The United Kingdom could unilaterally decide to revoke Article 50 and remain in the European Union, the European Court of Justice’s top legal adviser said on Tuesday (4 December).
The ECJ’s Advocate General Manuel Campos Sánchez-Bordona said in an opinion that “the Court of Justice should, in its future judgment, declare that Article 50 TEU allows the unilateral revocation of the notification of the intention to withdraw from the EU”.
The opinion will give hope to Remain campaigners seeking to reverse the June 2016 referendum in which Britons voted by a narrow 52-48% margin to leave the EU.
Sánchez-Bordona’s advice responds to a case brought to the Luxembourg-based Court by a group of Scottish parliamentarians led by Andy Wightman, a Scottish Green party MSP.
The UK government’s Scottish law adviser, Lord Keen, had told the ECJ the UK government had no intention of abandoning Brexit under any circumstances, making the question inadmissible.
However, in his opinion, Sánchez-Bordona stated that “the dispute is genuine, the question is not merely academic, nor premature or superfluous, but has obvious practical importance and is essential in order to resolve the dispute.”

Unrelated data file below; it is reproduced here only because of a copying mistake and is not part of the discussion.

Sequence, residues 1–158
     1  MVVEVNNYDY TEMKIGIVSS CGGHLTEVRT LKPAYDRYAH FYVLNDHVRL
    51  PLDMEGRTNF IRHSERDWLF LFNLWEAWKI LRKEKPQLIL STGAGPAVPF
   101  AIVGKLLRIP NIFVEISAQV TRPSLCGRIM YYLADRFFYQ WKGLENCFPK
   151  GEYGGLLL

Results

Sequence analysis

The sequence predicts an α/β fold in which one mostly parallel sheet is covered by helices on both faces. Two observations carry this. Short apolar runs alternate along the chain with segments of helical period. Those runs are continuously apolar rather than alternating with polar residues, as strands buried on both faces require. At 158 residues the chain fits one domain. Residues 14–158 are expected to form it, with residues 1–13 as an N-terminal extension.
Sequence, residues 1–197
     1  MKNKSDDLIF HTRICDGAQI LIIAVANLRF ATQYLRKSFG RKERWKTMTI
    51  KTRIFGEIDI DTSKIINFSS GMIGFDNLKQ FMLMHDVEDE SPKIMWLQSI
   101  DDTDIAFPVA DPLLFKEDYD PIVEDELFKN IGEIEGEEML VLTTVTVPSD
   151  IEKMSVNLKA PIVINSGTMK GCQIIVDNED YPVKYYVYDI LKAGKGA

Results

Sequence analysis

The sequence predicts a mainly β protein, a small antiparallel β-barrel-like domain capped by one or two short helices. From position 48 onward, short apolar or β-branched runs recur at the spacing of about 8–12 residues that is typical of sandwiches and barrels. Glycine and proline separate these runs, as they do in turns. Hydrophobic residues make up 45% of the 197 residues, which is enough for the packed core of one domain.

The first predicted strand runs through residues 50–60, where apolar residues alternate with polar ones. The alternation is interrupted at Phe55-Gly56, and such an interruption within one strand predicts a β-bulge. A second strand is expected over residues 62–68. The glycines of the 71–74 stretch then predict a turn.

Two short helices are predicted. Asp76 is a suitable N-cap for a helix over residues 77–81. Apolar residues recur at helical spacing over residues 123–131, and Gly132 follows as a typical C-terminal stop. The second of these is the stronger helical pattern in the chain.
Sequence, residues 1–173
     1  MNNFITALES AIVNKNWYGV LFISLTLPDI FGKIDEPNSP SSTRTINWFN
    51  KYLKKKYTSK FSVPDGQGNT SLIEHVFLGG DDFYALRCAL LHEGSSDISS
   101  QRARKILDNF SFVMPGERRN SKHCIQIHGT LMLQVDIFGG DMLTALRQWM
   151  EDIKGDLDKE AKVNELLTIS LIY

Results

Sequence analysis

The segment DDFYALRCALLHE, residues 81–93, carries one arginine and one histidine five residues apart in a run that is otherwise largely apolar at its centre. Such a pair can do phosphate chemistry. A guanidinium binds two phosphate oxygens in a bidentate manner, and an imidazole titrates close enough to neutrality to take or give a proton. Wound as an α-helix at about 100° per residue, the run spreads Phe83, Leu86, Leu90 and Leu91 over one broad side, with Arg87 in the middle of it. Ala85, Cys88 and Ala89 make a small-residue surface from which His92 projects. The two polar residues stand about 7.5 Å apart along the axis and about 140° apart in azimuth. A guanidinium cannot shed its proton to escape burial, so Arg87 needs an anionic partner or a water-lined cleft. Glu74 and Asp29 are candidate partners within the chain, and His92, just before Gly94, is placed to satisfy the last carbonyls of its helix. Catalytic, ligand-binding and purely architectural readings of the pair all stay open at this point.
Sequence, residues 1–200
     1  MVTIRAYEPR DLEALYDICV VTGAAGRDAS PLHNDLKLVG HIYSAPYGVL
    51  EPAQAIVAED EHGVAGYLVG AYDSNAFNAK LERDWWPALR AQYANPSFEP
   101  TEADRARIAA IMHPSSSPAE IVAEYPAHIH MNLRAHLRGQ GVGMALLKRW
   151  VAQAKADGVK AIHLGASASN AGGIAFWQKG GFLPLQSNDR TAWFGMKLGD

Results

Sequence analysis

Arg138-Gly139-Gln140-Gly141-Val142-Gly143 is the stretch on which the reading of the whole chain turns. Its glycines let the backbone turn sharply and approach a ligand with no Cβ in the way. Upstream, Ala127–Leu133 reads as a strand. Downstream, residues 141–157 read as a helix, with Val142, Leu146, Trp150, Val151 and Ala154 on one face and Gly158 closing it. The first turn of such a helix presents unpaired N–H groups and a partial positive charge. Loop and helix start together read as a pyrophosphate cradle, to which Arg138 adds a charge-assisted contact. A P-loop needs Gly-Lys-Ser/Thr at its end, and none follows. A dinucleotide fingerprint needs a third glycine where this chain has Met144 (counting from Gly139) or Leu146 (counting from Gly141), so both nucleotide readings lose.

Until now, many have thought that the UK would have to formally leave the bloc before it could negotiate re-admission, and that the Article 50 process could only be ended by a decision by EU governments.
That was dispelled by Sánchez-Bordona, who stated that he “rejects the contention that Article 50 TEU only allows the possibility, put forward by the Commission and the Council, of a revocation following a unanimous decision of the European Council”.
“A revocation by mutual consent of the departing member state which changes its position and the EU institutions with which it is negotiating its withdrawal is possible. However, this would not prejudice unilateral revocation,” he stated
“It would be illogical to force that member state to withdraw from the EU in order to then have to negotiate its accession.”
UK MPs will vote on 11 December on whether to accept the withdrawal agreement reached by Prime Minister Theresa May and the EU.
May has ruled out resigning if she loses the vote, which appears highly likely.
The divisions in both May’s Conservative government and parliament, together with a series of recent opinion polls suggesting that a narrow majority of British citizens wish to stay in the EU, have prompted increased demands for a second referendum, general election or extension of the Article 50 process.
The Advocate General’s opinions are advisory but are seldom overruled by the Court justices.